[ExI] Some suggestions for improvement - was Re: General comment about all this quasi-libertarianism discussion

F. C. Moulton moulton at moulton.com
Mon Feb 28 02:05:38 UTC 2011

On 02/27/2011 03:52 PM, David Lubkin wrote:
> Damien B wrote:
>> Another wince, reminding me that Kelly also asked if Samantha had
>> ever heard of Moore's Law. Newbies need to bear in mind that if
>> you're excited about X, chances are it's been a much-hashed-over
>> topic here for a decade or two.
> It's like each generation thinking they discovered sex.
Perhaps the more inventive try to put something creative.
> On the other hand, when newbies are excited about X, we coelacanths
> need a measure of patience. T'other day I refrained from noting that
> we'd talked a given topic to death in 1992.
Some of the recent topics have been hashed over years ago.  Yet in many
cases not  much progress is made in the sense that the same topics get
done over again a few years later.  There are I think a couple of reasons.

One reason is the difficultly in dealing with inaccurate definitions.  
It is very easy to see the inaccurate definition used by some one else
but less easy when it is our own inaccuracy particularly when that
definition reinforces a view that I am correct and the other person is
incorrect.  And substitute "good" for "correct" and "evil" for
"incorrect" and the situation can get tense.  Now it is possible for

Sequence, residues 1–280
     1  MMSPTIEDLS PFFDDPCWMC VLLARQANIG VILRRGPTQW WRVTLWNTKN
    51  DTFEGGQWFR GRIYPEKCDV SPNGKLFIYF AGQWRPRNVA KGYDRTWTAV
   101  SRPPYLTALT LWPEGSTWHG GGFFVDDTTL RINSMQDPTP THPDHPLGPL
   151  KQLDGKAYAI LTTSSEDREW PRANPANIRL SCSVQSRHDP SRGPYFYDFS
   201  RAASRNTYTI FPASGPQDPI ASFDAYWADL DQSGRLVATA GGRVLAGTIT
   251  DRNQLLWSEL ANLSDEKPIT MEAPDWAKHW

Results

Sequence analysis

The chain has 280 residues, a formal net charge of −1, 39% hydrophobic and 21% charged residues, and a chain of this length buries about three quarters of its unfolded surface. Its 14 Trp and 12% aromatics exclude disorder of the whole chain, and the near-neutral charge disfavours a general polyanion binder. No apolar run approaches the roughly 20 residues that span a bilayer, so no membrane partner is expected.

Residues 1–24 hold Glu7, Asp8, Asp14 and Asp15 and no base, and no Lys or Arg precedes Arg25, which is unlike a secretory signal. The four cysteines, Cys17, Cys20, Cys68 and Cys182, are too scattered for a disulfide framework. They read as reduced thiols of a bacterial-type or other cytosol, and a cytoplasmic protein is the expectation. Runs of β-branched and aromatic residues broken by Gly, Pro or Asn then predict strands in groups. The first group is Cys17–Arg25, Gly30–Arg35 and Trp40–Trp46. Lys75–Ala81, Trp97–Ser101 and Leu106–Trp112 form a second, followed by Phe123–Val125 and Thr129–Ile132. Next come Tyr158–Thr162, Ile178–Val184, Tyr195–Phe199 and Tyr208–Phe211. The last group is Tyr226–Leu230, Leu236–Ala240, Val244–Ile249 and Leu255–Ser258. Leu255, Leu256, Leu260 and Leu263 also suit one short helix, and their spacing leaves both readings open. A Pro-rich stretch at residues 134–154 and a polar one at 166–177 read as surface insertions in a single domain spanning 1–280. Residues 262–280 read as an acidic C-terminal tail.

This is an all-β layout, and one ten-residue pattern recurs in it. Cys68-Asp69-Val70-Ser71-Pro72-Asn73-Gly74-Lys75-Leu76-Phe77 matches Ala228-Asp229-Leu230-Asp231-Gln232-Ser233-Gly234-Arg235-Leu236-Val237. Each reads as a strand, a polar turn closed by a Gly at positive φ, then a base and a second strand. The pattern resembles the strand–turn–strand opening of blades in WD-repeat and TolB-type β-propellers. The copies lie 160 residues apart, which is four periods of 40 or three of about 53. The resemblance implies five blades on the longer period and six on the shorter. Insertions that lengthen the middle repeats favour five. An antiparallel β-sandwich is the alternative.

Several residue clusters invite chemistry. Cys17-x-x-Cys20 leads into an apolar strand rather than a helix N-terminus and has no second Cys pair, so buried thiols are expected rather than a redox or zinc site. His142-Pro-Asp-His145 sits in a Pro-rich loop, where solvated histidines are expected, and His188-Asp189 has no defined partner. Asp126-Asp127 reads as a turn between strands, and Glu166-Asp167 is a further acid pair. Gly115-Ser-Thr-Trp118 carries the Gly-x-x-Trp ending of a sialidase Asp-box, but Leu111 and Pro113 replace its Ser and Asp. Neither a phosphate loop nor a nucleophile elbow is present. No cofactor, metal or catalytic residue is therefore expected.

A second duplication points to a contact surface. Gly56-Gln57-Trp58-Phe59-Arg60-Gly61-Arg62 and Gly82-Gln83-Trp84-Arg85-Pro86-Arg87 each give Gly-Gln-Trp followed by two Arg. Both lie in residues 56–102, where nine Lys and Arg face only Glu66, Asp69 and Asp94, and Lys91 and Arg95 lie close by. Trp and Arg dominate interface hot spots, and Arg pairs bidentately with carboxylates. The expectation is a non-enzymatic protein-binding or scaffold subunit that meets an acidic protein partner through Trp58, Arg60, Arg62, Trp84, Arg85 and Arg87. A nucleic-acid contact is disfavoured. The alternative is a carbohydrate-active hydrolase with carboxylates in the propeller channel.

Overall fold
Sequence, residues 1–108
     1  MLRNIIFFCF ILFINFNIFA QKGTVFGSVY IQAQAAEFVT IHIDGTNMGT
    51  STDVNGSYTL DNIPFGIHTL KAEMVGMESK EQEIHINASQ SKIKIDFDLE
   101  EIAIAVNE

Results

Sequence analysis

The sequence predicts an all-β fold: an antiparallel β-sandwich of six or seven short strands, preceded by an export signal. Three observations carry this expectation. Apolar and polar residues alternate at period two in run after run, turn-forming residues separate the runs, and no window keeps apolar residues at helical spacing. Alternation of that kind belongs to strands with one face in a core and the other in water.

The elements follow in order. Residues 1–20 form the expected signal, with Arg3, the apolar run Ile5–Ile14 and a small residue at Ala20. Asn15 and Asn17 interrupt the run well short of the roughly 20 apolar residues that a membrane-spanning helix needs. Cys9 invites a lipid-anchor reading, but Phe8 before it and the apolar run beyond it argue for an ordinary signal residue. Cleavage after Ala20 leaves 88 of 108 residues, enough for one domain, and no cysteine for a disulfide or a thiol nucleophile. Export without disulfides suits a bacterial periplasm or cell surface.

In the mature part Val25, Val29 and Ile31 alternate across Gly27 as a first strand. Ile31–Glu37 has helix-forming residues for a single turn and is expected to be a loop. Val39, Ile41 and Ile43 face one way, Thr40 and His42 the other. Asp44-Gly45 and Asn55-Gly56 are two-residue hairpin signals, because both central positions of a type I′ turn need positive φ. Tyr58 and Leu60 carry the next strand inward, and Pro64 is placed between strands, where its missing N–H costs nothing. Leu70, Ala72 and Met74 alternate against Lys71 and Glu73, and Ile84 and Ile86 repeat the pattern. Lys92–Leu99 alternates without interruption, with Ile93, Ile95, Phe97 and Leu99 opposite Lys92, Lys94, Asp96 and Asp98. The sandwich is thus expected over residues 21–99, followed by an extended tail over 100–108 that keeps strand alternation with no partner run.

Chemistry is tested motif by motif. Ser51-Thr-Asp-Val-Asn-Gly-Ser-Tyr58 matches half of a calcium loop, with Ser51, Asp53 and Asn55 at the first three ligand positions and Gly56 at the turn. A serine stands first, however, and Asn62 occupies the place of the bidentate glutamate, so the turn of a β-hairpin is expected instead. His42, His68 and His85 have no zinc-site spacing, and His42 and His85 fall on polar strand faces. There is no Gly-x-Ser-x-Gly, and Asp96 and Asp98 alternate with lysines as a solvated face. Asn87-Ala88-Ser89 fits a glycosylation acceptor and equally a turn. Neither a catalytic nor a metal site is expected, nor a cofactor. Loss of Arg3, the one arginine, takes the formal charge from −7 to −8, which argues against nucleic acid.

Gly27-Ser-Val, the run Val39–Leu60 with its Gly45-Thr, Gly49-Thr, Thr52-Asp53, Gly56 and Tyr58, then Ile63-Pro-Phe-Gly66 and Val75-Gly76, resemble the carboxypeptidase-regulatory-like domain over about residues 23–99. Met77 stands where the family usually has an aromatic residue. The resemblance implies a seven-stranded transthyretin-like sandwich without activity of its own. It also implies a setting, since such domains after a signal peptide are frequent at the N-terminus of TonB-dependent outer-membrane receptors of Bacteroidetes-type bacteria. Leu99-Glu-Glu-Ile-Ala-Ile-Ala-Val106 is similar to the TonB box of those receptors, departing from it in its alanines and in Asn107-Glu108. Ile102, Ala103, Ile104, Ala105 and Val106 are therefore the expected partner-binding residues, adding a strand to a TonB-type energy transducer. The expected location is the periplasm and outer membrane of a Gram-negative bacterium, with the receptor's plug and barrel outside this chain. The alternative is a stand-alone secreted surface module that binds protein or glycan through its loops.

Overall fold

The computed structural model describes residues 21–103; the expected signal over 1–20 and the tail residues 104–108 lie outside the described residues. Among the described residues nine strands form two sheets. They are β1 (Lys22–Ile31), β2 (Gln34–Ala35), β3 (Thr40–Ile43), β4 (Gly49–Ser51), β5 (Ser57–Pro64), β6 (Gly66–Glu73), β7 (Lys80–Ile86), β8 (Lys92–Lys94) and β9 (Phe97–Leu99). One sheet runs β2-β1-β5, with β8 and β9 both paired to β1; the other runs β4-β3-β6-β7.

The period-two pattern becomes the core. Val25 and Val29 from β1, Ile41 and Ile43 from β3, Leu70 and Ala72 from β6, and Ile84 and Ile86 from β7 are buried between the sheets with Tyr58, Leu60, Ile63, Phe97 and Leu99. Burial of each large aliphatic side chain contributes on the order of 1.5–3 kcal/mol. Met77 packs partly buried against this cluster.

there to be an honest difference about definitions and some terms do
have different meanings however if this is the case then it needs to be
dealt with at that level; not continuing the discussion as if the issue
of definitions does not matter.  I have seen this problem with
definitions derail discussion of atheism just to give an example.

Another reason is introducing side issues as if there were central to
the discussion.  For example if the topic of discussion is libertarian
philosophy it makes no sense arguing about whether Rand's novels are
good literature or not or if Rand herself was a nice person because
those are not relevant to libertarian philosophy.   But often people
find it easier to use a proxy rather than deal with ideas.  For example
I once heard someone criticize Marxism because Marx supposedly neglected
his wife.  That is ridiculous.  We need to stop using proxies instead of
the actual idea either in defense of the idea or in attacking the idea. 

And a third is avoid misusing terms that cover a variety of topics.  For
example Extropian or Transhuman cover many things not just one little
thing like just AI or just Nanotech.  So for example if you disagree
with one specific thing then if you want to be understood by everyone be
very specific and not use the broader term.  This is particularly a good
point to remember when discussing complex political topics.

Perhaps the best way to deal with this is to set up a page like a FAQ
page but with a bit more structure to actually show what has already
been discussed, what are the various definitions and to create a list of
red herrings that are often introduced and which throw off the discussion.


> Just as well we're living in the pre-immortallish years. Once we're
> into the long time, it's harder to qualify as an cranky old coot.
> -- David.
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